Ports and Busses continued
USB, Firewire, Bluetooth, and PS2 Ports
- Firewire is IEEE 1394.
- USB 1.2 and 2.0.
Are 12 mbs and 480 mbs respectively (1.5 mBs and 60 mBs). b-bits B-Bytes. Making usb 2.0
40 times as fast as usb 1.2. Firewire is 400 mb/sec. 50 mBps. Its mBps is
rating is lower but Firewire is actually faster than usb. I don't remember why.
- USB type 1.1, 3
meters maximum cable length.. Ver 2.0, 5 meters.
- Ports on a system board can be direct-solder (the port
is mounted right on the system board and soldered to it) or the port can be screwed to the
computer case and a wire from the port will link to a header that
is soldered on the system board. You’ve seen these headers. No? The trend is toward direct-solder.
- Port types: PS2 keyboard, mouse. Both use 6-pin mini DIN.
Mouse is green, keyboard purple. The Purple Keyboard of Cairo. How Green is my Mouse. Older
keyboards and mice used an “AT” connector which was a larger 5-pin
- USB plug types.
There ares 2 subtypes of type A usb plugs, regular type A and mini type A, and 3 subtypes of type
B, standard B, mini-B, and alternate mini-B. There are matching type
A, B, and C receptacles,
- USB: Consoles and
hubs both have type A receptacles. Peripherals have type B receptacles.
Thus a cable will have a type A plug on one end and a type B plug on
the other. Hubs also have type B receptacles (as well as type A) - so
that you can connect them to a console. USB cables with the same plug
on each end are in violation of the USB spec.
- Any Bluetooth
enabled device, almost everywhere in the world, can connect to other
Bluetooth enabled devices located near it. Short range ad hoc networks
called “piconets.” Connection established dynamically and automatically
when they are in range. Simultaneous data and voice.
- Radio type and version
type are 2 different things. Radio type controls radio power and distance,
version type controls data transmission speed.
- Older bluetooth
is 700kbps. 87.5 kBps. Newer specs are 1 Mbps for version 4, which is
Bluetooth low energy technology (that is 1024 kbps.) 1 Mbps for version
1.2 (older version). Up to 3 Mbps supported for version 2.0, the Enhanced
Data Rate version. There is also a version 2.1 EDR version. Up to 24
Mbps supported for Version 3.0, the High Speed version.
- Unlike other wireless
standards, the Bluetooth Core Specification provides product developers
both link layer and application layer definitions, which support data
and voice applications.
- 2.4 to 2.485 GHz,
using a spread spectrum, frequency hopping, full-duplex signal at a
nominal rate of 1600 hops/sec. The 2.4 GHz ISM band is available and
unlicensed in most countries. Industrial, scientific, medical band.
- Class 3 radios –
have a range of up to 1 meter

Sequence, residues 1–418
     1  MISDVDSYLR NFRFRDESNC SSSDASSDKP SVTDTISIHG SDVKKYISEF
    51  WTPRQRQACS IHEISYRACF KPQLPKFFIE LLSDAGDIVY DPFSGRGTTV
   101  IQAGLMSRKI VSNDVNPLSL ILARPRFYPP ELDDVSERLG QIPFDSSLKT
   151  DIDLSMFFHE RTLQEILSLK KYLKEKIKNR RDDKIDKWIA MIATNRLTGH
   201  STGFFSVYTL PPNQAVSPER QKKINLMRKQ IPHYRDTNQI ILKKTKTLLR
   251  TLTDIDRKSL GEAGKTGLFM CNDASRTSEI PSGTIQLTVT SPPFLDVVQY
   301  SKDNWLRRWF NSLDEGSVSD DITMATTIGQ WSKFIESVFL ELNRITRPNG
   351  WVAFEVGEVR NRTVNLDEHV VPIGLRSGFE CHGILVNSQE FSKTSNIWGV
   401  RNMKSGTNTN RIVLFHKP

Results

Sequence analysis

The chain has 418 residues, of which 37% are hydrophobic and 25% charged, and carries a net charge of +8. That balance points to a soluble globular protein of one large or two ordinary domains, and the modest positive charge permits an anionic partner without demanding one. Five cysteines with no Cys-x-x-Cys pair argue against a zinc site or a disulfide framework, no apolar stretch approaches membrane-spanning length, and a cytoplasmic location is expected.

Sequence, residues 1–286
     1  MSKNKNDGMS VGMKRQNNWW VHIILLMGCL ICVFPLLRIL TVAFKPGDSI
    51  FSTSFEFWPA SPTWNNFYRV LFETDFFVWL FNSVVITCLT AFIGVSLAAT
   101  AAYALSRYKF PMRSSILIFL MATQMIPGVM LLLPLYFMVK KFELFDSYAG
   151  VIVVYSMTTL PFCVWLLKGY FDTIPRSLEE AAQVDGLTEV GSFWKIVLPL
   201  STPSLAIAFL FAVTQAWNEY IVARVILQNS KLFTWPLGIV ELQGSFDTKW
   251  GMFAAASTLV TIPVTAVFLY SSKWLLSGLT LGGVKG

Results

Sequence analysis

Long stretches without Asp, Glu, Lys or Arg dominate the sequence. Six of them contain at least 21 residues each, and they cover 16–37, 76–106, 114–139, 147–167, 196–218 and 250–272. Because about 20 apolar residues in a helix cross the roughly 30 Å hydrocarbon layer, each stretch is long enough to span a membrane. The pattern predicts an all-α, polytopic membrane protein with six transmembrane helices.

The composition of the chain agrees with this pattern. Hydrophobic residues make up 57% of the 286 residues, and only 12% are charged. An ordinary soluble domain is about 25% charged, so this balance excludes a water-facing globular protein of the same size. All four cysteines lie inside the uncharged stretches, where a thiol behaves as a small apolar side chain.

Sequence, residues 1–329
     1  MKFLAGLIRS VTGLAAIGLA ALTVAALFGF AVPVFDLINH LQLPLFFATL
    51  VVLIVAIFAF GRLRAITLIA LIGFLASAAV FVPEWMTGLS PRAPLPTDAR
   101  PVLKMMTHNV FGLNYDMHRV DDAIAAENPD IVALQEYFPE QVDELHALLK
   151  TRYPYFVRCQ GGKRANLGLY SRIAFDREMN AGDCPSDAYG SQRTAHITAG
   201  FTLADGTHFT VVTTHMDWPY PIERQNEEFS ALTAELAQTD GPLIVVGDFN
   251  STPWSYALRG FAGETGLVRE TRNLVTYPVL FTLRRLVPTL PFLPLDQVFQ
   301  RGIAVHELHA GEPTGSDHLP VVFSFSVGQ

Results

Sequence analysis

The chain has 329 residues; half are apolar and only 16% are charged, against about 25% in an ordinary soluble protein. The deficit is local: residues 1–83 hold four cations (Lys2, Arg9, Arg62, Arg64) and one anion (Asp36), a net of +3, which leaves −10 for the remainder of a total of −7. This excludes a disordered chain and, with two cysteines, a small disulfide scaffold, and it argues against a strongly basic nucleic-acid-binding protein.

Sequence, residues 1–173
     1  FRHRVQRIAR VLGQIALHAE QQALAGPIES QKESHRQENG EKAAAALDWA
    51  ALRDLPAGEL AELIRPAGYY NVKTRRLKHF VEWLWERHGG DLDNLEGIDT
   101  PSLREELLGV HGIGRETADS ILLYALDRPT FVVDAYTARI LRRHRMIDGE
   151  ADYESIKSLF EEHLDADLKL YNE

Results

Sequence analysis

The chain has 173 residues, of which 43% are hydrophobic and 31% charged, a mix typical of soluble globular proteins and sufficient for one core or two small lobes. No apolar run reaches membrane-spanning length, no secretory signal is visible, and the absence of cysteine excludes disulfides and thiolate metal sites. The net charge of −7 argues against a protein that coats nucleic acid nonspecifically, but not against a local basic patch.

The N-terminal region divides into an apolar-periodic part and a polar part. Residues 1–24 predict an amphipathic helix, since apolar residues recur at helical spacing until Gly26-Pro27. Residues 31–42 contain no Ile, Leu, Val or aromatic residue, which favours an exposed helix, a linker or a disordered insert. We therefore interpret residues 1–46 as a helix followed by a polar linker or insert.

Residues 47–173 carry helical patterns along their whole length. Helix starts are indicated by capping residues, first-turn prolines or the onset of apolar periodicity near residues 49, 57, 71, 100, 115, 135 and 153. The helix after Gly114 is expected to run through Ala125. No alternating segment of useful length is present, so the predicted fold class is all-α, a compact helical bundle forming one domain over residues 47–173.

- Class 2 radios –
most commonly found in mobile devices – have a range of 10 meters
Class 1 radios – used primarily in industrial use cases – have a
range of 100 meters
- BT “low energy
technology” has a range of up to 200 meters.
- Low energy technology
optimized for devices requiring maximum battery life instead of a high
data transfer rate, consumes between 1/2 and 1/100 the power of classic
- DE-9, DB-25
used for serial. Or DE-9 to DE-9. Female to male. Null modem uses same
but different male-female (female on both ends of cable). Also pinouts
- See D-sub list on
page 70. D-subminiature – a long time ago. Second letter is for shell
size, that is, the number of pins supported. Number is the actual number
of pins. A=15, B=25, C=37, D=50, E=9. Followed by P or S for plug or
- Possibly because
the original PC used DB25 connectors for the serial and parallel ports,
many people… not knowing the significance of the letter “B” …
began to call all D-sub connectors “DB” connectors instead of specifying
“DA,” “DC” or “DE.” When the PC serial port began to use
9-pin connectors, they were often called “DB9” instead of DE9. It
is now common to see DE9 connectors [labeled as being]… “DB9”
connectors. DB-9 is nearly always intended to be a 9 pin connector with
an E size shell.
- However there are
now D-sub connectors which have the original shell sizes, but more pins,
and the names follow the same pattern. For example, the DE15, usually
found in VGA cables, has 15 pins, in three rows, in an E size shell
(9-pin shell). The full list of connectors with this pin spacing is:
DE15, DA26, DB44, DC62, and DD78. Alternatively, following the same
confusion mentioned above in which all D-sub connectors are called “DB”,
these connectors are often called DB15HD, DB26HD, DB44HD, DB62HD, and
DB78HD, where the “HD” stands for “high density”. They all have
3 rows of pins, except the DD78, which has 4.
- Case fans: rear
exhaust, front intake. Power supply connector or connect to motherboard
w 2, 3 or 3 pins.
- Power supply connectors, ATX voltages are:
+3.3, +5 (and +5 standby), -5 (optional), +12, -12. Older AT style supplies
did not have a 3.3 volt pin.
- SATA, PATA hard
driver interfaces. PATA also called ATA, IDE, and EIDE. ATA 1-8. For
ATA-5 and later (which is ultraDMA/66), 80-wire cables are needed, instead
of 40-wire. Connectors are the same. 40-pin. ATA-7 supports ultra DMA/133
(direct memory access). Also called Ultra ATA.
- ATA/133 ribbon cable
has 80 wires. Earlier cable had 40. Same 40-pin connectors. ATA/133
drive will transfer data at only 33mBps instead of 133, if you use the